THE hearing on the mega shabu laboratory case was postponed again yesterday, prompting Sen. Vicente Sotto III to call it “longest dragging case in Philippine history.”

Sotto said he will present to the senate his observation on the case during the hearing on the proposed establishment of special drug courts in all cities and provinces of the country.

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The hearing was all set for decision yesterday but the counsel of accused Calvin Tan failed to submit a formal offer of documentary evidence within the given time, saying “their secretary left the documents on the table.”

“Due to mere inadvertence, the documents were left at the table of the secretary, (a) human error,” Atty. Jay Pujanes, who attended on behalf of his associate Atty. Gloria Lastimosa-Dalawampu, said in yesterday’s hearing.

Regional Trial Court Judge Marilyn Lagura-Yap later gave State Prosecutors Archimedes Manabat and Juan Pedro Navera 20 days to comment on the formal offer when it was received.

Sotto, who attended the hearing, said he was no longer surprised by the cause for the delay.

“By the time you know it, two months had again passed,” he said.

The senator said during the hearing he attended before the May 10 elections, the defense had asked for a postponement.

Yesterday, Yap briefed the state prosecutors on the security status of the shabu laboratories in Barangays Umapad, Looc and Paknaan.

Yap said the police and Philippine Drug Enforcement Agency (PDEA) lack personnel to guard the equipment inside the laboratories, so authorities are asking the help of the local barangays and the local government unit in securing the laboratories.

When asked after the hearing if the loss of any of the equipment will affect the case, Manabat said they submitted to the court the photographs of equipment.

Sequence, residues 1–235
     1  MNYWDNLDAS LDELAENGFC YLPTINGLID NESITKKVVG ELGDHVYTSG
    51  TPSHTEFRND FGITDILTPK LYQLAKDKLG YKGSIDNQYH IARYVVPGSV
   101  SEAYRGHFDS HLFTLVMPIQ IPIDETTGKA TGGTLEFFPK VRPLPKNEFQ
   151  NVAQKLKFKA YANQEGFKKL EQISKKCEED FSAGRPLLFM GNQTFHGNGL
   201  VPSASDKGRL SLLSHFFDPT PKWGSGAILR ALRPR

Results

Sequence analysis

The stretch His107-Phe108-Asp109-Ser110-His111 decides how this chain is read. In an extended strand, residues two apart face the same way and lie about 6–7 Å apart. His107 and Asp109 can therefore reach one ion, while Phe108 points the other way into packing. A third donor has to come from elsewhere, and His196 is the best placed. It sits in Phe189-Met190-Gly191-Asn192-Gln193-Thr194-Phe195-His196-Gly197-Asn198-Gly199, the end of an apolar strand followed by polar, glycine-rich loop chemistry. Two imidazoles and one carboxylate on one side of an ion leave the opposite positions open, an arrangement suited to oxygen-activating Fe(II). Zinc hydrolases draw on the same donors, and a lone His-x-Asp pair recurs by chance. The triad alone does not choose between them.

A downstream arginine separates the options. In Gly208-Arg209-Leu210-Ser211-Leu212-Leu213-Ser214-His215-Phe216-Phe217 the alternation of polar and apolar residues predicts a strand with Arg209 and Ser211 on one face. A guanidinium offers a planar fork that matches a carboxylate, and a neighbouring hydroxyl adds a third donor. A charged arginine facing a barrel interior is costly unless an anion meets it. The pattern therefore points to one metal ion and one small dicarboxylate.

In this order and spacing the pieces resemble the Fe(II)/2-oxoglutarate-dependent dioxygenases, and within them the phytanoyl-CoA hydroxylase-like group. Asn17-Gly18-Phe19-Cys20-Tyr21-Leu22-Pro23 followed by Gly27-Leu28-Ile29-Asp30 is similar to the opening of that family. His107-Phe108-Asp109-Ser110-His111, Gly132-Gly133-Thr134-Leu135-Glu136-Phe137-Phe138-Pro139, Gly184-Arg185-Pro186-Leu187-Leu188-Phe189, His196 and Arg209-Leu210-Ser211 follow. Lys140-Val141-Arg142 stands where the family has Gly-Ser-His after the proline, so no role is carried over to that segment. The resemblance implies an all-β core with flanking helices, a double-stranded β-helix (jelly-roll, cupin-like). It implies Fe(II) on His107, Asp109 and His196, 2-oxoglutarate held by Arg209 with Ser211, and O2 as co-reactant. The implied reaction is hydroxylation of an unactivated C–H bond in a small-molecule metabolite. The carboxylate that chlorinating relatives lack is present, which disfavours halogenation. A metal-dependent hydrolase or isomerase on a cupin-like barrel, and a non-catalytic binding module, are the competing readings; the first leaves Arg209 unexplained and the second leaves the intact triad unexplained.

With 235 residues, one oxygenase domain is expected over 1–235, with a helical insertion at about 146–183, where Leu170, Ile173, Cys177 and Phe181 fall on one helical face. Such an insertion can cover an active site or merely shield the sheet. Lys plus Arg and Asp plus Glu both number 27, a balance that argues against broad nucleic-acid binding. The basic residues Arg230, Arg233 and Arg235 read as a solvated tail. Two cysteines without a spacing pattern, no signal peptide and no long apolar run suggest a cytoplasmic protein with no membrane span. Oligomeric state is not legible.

However, the equipment can still be used to manufacture shabu, he said.

On the possibility of another hearing, City Prosecutor Ferdinand Peque said state prosecutors, after careful study of the formal offering, will determine if there is a need to present their rebuttal witnesses.

Navera said they also have documents, which include receipts of chemical companies where the ingredients were bought, that are either machine copies or written in Chinese.

Navera said delay in the filing of the formal offer by the defense panel also delayed their presentation of rebuttal witnesses.

“Which makes us wonder if they really are after the early disposition of the case,” he said.

In September 2004, police and PDEA teams arrested Hung Ching Chang or Simon Lao and 10 others for allegedly operating a laboratory that produced methamphetamine or shabu in Barangay Umapad, Mandaue city.

Of the 10 suspects arrested, two are Filipinos and the rest are Chinese nationals.

When he applied to become a state witness, Lao testified he was only an errand boy of Tan, who he said was the financier.

Hong Kong police arrested Tan, who was later extradited to the Philippines.

Except for Tan, who is detained at the Cebu Provincial Detention and Rehabilitation Center, the other suspects are detained at the Mandaue City Jail.